On the positive side, teachers overwhelmingly were laudatory in their comments regarding the effect of tests on focusing their states on developing curriculum standards and aligning their own curricula and instructional methods to the standards.  Moreover, the majority of teachers across grade levels disagreed that tests were causing more students to drop out or be retained in grade (Pedulla, Abrams, Madaus et al., 2003). 

        If the self-reported impacts of high-stakes testing upon teachers is a key element in evaluating some of the potential “backwash” effects of high-stakes test, the views of national board certified teachers should prove especially important.  One such study of these highly trained and experienced instructional practitioners has been conducted in Ohio.   According to this sample the high-stakes testing model is seriously flawed.  Indeed, an overwhelming majority asserts that changes engendered by testing have not been positive.  For example, eighty percent believe that teacher autonomy has declined; close to all of them (98 percent) indicated that students spend too much time in test preparation; and more than 90 percent of respondents opined that high-stakes testing does not support developmentally appropriate practices for students.  Perhaps even more disturbing is the finding that virtually all (97 percent) of the sampled teachers feel that tests negatively affected students’ love of learning and that 6 out of 7 sampled teachers said that the quality of education has declined in their classes since the institution of high-stakes tests (Rapp, 2001).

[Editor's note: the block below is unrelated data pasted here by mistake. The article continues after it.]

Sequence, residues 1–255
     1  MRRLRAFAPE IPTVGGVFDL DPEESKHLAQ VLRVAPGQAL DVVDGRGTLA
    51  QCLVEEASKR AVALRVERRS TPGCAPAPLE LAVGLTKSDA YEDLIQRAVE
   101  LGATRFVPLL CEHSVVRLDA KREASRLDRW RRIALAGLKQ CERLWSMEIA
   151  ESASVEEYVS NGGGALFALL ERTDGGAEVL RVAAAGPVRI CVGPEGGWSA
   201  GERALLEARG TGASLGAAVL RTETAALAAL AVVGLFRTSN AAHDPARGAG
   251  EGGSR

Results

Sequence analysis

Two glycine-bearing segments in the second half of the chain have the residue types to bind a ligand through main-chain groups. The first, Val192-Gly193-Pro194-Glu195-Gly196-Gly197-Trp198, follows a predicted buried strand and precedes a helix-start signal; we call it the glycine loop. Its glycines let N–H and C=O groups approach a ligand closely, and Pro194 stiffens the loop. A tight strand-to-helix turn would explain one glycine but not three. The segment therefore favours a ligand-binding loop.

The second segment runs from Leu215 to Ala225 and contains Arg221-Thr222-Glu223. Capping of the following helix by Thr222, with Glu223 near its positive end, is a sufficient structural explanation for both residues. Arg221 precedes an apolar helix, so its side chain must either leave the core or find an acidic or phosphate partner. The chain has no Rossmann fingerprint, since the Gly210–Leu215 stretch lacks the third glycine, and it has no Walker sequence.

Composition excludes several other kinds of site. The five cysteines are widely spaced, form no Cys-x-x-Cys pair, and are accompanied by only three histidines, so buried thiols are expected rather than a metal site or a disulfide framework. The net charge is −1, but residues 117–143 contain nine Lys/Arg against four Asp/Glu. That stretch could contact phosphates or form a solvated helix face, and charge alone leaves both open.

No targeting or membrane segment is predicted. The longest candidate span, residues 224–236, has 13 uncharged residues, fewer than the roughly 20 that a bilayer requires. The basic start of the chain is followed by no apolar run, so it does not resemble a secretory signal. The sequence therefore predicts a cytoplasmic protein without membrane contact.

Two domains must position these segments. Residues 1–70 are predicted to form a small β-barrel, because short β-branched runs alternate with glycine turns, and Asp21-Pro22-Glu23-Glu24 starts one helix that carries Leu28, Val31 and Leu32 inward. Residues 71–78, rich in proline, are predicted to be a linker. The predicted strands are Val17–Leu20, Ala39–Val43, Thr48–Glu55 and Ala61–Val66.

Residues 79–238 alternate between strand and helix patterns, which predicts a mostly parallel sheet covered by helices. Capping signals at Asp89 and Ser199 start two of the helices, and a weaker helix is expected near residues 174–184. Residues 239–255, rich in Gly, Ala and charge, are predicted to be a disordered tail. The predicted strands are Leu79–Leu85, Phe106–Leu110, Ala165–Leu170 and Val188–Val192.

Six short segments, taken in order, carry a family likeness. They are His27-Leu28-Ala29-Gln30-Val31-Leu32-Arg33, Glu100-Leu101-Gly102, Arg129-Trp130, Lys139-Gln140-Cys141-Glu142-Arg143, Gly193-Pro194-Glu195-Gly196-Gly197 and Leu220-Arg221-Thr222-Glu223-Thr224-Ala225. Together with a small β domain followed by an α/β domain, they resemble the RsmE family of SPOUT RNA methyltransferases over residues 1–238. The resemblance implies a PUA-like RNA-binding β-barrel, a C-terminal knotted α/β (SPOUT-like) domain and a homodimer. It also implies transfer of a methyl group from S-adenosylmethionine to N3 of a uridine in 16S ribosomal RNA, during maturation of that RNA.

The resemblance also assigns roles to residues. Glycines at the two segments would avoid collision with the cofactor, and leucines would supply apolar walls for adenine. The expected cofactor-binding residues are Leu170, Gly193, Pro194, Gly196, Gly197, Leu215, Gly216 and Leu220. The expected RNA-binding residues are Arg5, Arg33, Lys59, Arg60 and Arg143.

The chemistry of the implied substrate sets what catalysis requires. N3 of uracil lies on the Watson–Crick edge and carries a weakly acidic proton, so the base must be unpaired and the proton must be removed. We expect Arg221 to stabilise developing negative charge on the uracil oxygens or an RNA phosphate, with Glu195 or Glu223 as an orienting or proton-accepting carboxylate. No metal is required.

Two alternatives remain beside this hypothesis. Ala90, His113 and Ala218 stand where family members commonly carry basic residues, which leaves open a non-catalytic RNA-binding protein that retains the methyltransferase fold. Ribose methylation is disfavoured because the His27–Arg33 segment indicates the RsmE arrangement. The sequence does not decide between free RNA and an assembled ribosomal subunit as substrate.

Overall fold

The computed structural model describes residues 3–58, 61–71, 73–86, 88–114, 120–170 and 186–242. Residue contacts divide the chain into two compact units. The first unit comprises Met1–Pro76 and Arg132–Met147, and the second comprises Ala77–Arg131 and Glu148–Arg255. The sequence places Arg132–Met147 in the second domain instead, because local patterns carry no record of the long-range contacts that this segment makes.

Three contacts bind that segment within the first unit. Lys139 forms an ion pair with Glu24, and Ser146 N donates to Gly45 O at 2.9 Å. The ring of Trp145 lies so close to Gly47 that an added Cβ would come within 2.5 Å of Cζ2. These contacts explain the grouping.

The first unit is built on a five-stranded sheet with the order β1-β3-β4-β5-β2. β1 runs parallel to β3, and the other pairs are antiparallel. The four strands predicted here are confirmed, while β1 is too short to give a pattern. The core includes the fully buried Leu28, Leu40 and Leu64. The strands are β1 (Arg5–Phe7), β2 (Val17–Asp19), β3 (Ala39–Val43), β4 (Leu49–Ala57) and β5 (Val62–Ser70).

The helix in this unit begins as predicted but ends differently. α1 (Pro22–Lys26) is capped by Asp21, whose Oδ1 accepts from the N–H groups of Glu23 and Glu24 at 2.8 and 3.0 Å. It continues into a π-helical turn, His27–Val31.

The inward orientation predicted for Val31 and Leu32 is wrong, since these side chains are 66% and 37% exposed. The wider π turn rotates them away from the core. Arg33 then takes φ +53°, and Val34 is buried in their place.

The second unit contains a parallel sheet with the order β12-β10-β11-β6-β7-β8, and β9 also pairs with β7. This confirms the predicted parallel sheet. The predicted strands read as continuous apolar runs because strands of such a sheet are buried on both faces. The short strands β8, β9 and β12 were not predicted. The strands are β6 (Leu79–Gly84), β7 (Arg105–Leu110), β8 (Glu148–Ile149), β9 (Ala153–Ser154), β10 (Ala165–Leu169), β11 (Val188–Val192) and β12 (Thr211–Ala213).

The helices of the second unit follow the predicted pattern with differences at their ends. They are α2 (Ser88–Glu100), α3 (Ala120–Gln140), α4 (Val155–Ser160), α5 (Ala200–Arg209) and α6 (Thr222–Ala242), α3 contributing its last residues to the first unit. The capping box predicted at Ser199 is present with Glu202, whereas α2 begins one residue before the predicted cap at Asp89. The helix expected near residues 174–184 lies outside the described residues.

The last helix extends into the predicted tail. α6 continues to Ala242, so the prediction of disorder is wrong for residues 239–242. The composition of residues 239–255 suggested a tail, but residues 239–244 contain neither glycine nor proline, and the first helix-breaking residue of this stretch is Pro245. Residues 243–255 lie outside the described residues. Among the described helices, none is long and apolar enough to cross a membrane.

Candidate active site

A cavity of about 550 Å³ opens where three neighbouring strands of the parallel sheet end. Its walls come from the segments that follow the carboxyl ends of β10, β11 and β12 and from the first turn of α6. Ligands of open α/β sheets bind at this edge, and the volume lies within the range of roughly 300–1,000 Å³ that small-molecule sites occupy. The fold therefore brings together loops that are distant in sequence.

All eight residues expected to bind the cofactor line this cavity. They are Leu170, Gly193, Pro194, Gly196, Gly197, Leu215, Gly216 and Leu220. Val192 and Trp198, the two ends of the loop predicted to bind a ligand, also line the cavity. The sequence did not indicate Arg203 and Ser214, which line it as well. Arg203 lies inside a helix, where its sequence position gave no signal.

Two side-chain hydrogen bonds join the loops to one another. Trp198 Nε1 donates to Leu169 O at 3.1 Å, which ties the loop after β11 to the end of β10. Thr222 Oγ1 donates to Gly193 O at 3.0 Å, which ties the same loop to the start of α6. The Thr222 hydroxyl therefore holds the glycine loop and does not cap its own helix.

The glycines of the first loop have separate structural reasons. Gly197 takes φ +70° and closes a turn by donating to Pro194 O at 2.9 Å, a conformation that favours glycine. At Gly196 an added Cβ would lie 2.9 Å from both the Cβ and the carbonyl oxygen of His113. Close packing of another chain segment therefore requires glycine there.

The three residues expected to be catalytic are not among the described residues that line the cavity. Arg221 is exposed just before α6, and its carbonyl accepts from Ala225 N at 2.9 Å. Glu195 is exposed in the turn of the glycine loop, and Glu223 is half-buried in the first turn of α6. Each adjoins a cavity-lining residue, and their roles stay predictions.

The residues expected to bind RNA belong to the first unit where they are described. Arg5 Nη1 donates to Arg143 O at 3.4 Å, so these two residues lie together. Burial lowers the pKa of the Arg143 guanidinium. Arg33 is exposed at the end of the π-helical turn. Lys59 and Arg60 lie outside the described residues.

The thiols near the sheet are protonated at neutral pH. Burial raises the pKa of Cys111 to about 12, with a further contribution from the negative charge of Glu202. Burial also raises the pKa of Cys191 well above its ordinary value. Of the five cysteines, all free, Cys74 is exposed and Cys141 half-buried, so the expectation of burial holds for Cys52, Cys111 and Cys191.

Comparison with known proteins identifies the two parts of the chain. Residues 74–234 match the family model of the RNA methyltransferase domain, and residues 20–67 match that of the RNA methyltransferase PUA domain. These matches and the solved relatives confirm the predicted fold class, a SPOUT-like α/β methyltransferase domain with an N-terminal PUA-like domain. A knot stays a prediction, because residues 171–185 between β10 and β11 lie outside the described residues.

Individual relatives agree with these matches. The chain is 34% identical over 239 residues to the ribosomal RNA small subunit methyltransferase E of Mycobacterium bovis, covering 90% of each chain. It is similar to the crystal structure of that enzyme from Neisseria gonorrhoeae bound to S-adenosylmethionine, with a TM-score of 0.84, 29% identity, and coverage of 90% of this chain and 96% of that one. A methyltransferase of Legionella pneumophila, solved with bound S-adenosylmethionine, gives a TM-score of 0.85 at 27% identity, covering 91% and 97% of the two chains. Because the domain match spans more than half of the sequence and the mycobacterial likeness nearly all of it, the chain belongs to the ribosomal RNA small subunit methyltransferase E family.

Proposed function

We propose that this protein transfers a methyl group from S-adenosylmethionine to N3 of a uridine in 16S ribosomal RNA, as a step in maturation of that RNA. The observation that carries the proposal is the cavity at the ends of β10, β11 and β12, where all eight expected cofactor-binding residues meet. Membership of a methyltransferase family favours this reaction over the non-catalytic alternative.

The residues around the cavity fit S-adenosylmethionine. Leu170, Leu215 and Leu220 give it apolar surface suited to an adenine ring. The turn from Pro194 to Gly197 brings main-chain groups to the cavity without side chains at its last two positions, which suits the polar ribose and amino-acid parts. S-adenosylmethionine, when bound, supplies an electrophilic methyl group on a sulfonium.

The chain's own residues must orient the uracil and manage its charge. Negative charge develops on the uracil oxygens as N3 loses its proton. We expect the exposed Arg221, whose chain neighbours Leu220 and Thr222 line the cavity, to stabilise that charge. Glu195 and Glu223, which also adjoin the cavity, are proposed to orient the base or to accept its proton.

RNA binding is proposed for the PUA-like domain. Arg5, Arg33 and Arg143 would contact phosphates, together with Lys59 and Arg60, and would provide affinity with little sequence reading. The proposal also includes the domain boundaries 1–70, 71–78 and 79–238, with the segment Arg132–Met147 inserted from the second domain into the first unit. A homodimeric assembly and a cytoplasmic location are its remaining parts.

Some of the most recent research work in this area has been an evaluation of the implementation of the California High School Exit Exam (CAHSEE).  The CAHSEE evaluation generally concords with other findings already discussed in this paper.  Among these, are that: the exams have had the effects of focusing instruction on the standards and developing remediation and intervention for those students not yet reaching them; remediation has only limited effectiveness at mastery of the standards; and the lack of prerequisite skills have hampered many students from receiving the benefit of courses that provide content relevant to the standards (Human Resources Research Organization, 2003).